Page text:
The patient was started on intravenous cefotaxime and metronidazole before the culture result was available. Arthrocentesis was done. On postoperative follow up, active movements were elicited, on stimulation showing a clinical improvement. The patient was treated for a week and was discharged. S.choleraesuis and S.typhimurium are the most commonly reported strains causing arthritis.[3],[4] The joint aspirate culture yielded S.typhimurium along with K.pneumoniae, the most important causative organisms of septic arthritis in infants.[1] Synovial fluid gram stained smears have been reported to be positive in two-thirds of the cases.[5] Salmonella has been isolated from blood in 65% of cases.[2] The combination of blood culture and joint aspirate culture results in very high rate (72%) of bacterial isolation. In this case, the blood culture was sterile probably because the patient was on prior antibiotic therapy.

Two to four weeks of appropriate intravenous antibiotics and repeated arthrocentesis result in good clinical outcome in most cases of Salmonella septic arthritis. Surgical drainage is indicated only in cases with inadequate aspirations. To conclude, where enteric infections with Salmonella are endemic, bacteraemia could occur in immunosupressed individuals or in children with congenital disease in whom the infection has a tendency to spread haematogenously to the larger joint metaphysis which is one of the most commonly affected sites.[3] S.typhimurium being invasive, should be added to the spectrum of potential list of pathogen that cause septic arthritis in immunosuppressed state.[3]

 ~ References Top

1.Leela Naidu PS, Satyavati S. Salmonella species at aberrant sites. A review. Ind J Med Sci 1974;28:149-151.  Back to cited text no. 1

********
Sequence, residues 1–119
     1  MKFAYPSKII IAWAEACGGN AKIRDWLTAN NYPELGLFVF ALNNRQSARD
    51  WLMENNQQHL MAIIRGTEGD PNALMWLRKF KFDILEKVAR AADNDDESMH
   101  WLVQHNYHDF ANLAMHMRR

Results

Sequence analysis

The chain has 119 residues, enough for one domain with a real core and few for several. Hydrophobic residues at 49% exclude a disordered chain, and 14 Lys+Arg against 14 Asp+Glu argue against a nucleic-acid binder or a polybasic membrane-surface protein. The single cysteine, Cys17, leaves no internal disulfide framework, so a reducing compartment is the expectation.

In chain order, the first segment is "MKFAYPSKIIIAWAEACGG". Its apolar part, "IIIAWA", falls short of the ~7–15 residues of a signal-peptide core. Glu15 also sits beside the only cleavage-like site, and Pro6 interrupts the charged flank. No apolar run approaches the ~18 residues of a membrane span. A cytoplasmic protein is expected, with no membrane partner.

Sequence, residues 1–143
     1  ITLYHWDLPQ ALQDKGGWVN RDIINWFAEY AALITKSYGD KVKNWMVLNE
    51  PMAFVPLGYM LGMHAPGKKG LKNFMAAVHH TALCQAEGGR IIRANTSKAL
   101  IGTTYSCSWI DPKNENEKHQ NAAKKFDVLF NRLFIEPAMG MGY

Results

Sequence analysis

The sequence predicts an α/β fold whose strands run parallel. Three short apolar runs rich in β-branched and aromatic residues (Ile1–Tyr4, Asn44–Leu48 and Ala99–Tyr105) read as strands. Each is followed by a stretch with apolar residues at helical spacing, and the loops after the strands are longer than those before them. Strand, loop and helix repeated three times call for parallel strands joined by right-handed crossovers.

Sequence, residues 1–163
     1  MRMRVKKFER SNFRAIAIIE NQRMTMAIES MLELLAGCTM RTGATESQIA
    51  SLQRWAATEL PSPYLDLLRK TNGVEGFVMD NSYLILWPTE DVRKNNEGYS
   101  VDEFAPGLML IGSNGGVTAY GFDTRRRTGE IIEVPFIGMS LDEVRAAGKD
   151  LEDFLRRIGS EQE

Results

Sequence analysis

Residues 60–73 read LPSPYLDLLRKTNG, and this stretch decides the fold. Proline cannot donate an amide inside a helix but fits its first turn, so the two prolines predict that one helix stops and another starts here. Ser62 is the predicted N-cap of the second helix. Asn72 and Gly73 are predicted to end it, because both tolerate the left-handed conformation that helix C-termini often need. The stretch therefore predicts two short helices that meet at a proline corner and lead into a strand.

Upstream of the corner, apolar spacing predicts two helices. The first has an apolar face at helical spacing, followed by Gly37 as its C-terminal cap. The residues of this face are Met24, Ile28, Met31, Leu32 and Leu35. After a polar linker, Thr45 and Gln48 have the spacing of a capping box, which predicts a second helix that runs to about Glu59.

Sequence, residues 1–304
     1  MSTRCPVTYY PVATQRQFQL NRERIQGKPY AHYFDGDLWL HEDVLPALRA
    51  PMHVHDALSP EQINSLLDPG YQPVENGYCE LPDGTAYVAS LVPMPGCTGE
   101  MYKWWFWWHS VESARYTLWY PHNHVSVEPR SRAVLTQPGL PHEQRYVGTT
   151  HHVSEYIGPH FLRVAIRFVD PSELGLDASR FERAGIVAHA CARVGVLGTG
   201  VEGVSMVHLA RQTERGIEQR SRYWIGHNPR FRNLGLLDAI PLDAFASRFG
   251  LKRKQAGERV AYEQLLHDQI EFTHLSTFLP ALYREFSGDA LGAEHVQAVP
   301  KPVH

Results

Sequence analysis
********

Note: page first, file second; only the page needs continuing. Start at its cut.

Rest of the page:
2.Cohen JI, Barlett JA, Cory GR. Extra-Intestinal manifestations of Salmonella infections. Medicine 1987;66:349-388.  Back to cited text no. 2    
3.Lesser CF, Miller SI. Salmonellosis, Chapter 156. In:Harrison's Principles of Internal Medicine, 14 ed. Braunwald E, Fauci AS, Kasper DL, Hauser SL, Longo DL, Jameson JL. Eds (McGraw - Hill, New York) 2001 Vol I:970-975.  Back to cited text no. 3    
4.John R, Mathai D, Daniel AJ, Lalitha MK. Bilateral septic arthritis due to Salmonella enteritidis. Diagnostic Microbiology and Infectious Diseases 1993;17(2):167-169.  Back to cited text no. 4    
5.Worawit L. Salmonella septic arthritis in patients with human immunodeficiency virus infection. The Journal of Rheumatology 1993;28:1454-1455.  Back to cited text no. 5    

This article has been cited by
1 Salmonella-Salmonellosis-Rare presentations of a common pathogen
Neelam Kaistha, Varsha Gupta, Shailpreet Sidhu, Jagdish Chander
Asian Pacific Journal of Tropical Medicine. 2011; 4(5): 417
[VIEW] | [DOI]
2 Neonatal salmonella | [Neonatale salmonelleninfektion]
Fischer, E., Reese, J.
Gynakologische Praxis. 2010; 34(2): 245-251
3 Unusual clinical presentation of bone and joint infections caused by Salmonella typhi
Gupta, V., Kaur, J., Gupta, R., Gupta, P., Chander, J.
Journal of Pediatric Infectious Diseases. 2010; 5(1): 103-106
4 Septic Arthritis of Hip in a Neutropenic Child Caused by Salmonella typhi
Rahul Naithani,Sanjay Rai,Ved P. Choudhry
Journal of Pediatric Hematology/Oncology. 2008; 30(2): 182
[Pubmed] | [DOI]
5 Septic arthritis of hip in a neutropenic child caused by salmonella typhi
Naithani, R., Rai, S., Choudhry, V.P.
Journal of Pediatric Hematology/Oncology. 2008; 30(2): 182-184
6 Neonatal salmonella infection | [Neonatale Salmonelleninfektion
Fischer, E., Reese, J.
Padiatrische Praxis. 2006; 69(1): 1-7


Print this article  Email this article
Previous article Next article


2004 - Indian Journal of Medical Microbiology
Published by Wolters Kluwer - Medknow

Online since April 2001, new site since 1st August '04